Neil Basu, son of a Bengali doctor who moved to London in 1961, could become the next Chief of the Scotland Yard.
Anil Kanti ‘Neil’ Basu, an Indian-origin British counter-terror cop, the most senior police officer of Asian heritage, is widely believed to be in a short-list of candidates who could become the next London Metropolitan Police Commissioner or chief of the Scotland Yard.
He is a strong contender for the role, according to British media reports, and would become the force’s first non-white commissioner. Basu is highly respected across the department but has a troublesome relationship with UK Home Secretary, Priti Patel. Sources at the Home Office are of the opinion that Basu would never become commissioner “as long as Priti is home secretary”. He is also known to have criticised Prime Minister Boris Johnson over racist language.
Fifty-three-year-old Mr Basu is vastly experienced at various senior roles including commander for territorial policing at the Met. He is currently the Assistant Commissioner (Specialist Operations) of the London Metropolitan Police.
His father, Pankaj Kumar Basu, was a surgeon from Kolkata, who had relocated to the UK in 1961 and worked with the UK police for 40 years. Neil’s mother was a nurse of Welsh heritage. After completing his graduation in Economics from Nottingham University, Neil joined the Met Police in 1992. He was consequently promoted as head of counterterrorism and Specialist Operations.
A fierce police officer, Basu has an impressive portfolio to his credit. He has worked as a detective in a wide range of areas from anti-corruption to homicide. He is highly regarded by the MI5, the UK’s domestic security service.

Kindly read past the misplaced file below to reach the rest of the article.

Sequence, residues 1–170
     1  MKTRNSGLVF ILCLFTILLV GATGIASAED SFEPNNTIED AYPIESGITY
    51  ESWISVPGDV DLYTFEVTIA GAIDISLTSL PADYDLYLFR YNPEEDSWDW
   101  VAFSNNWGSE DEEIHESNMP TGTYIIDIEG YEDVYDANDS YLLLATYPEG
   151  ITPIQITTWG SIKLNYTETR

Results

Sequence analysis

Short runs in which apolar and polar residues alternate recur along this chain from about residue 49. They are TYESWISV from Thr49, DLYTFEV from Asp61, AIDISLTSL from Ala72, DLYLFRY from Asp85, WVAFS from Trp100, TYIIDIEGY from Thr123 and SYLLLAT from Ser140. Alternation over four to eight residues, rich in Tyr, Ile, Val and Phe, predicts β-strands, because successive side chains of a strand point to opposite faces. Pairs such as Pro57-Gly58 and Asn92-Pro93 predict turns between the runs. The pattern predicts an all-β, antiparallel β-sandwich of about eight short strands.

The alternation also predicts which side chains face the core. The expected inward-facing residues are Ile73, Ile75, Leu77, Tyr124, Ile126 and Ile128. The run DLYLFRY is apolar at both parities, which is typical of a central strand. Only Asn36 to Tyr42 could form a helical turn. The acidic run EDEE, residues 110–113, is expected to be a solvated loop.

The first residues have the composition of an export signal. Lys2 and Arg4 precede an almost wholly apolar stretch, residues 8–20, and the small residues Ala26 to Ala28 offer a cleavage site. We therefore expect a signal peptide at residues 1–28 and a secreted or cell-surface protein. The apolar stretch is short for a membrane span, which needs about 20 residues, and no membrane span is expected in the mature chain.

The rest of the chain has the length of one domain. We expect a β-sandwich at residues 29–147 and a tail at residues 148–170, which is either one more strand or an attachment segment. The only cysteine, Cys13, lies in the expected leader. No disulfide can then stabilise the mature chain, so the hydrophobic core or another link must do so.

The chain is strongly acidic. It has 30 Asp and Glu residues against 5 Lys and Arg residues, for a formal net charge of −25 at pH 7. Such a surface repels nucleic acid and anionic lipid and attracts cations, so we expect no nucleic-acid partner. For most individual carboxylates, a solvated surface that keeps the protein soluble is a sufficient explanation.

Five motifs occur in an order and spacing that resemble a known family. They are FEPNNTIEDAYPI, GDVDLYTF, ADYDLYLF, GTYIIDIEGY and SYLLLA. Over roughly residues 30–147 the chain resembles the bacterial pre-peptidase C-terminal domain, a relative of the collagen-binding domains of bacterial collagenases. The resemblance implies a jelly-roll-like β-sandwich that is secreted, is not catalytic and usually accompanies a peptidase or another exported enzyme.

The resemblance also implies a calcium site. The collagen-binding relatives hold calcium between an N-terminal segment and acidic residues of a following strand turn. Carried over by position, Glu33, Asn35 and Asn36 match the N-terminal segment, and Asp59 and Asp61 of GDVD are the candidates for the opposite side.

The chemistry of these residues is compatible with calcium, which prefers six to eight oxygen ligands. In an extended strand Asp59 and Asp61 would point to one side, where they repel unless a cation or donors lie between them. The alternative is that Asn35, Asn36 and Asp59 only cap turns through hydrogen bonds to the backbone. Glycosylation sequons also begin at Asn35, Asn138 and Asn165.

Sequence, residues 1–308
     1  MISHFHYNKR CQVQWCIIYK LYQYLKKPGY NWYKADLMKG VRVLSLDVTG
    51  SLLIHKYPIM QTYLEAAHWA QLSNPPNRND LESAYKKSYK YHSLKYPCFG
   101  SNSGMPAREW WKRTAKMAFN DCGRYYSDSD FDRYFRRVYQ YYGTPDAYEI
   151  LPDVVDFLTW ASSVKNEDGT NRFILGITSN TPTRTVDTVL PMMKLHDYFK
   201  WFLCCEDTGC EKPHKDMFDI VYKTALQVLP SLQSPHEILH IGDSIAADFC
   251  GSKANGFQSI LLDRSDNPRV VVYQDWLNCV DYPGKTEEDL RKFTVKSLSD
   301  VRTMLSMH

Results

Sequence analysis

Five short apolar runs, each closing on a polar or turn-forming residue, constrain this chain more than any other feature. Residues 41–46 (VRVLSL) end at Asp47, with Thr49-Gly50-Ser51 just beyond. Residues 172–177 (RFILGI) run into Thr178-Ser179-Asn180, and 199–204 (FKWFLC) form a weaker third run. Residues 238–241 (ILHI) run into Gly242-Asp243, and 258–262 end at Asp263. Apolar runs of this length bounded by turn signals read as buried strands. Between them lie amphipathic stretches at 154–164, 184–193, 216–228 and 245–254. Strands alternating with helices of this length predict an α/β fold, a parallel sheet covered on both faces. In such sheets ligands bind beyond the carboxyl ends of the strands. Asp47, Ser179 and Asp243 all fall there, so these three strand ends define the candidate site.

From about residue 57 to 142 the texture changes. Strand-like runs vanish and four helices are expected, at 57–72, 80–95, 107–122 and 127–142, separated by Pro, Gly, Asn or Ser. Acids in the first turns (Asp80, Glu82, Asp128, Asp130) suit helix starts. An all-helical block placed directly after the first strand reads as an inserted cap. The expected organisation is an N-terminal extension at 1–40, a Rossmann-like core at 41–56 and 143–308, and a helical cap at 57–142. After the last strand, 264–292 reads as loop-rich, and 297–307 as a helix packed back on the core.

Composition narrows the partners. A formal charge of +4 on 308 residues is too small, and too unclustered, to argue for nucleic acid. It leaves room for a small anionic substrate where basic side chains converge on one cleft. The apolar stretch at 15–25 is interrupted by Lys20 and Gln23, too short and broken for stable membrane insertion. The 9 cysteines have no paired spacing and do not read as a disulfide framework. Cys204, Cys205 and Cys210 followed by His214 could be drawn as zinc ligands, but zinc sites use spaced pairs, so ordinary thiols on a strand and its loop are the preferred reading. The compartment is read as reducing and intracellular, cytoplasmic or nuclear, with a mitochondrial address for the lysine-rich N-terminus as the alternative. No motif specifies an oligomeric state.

Mr Basu’s counter terror operation came to the fore during the London Bridge incident where two people were stabbed to death in a terror attack. The terrorist involved was apprehended and shot dead.
“Police officers up and down the country go to work each day because they want to keep the public safe. They often put themselves in danger to protect the public from those looking to do them harm. On the day of this attack, officers from the Metropolitan Police, the City of London Police and the British Transport Police did just that, and so much more,” he said in a statement at the conclusion of the inquest into the death of the terrorist, Usman Khan.
Neil Basu is likely to succeed Dame Cressida Dick, the first woman to occupy the position in 2017, who resigned on Thursday, after London Mayor Sadiq Khan declared he was “not satisfied” with her response to the scale of change required to “root out” racism, sexism, homophobia, bullying and misogyny in the Met.
Last week, the police watchdog found “disgraceful” misogyny, discrimination and sex harassment among some Met PCs.
According to the Independent Office for Police Conduct (IOPC) report, most officers investigated were police constables and based at Charing Cross Police Station, who were found to have joked about rape and exchanged offensive social media messages. The inquiry was launched in March 2018.
Cressida Dick also faced criticism over the Sarah Everard case. Ms Everard was murdered by a serving Met Police officer, Wayne Couzens, in March last year.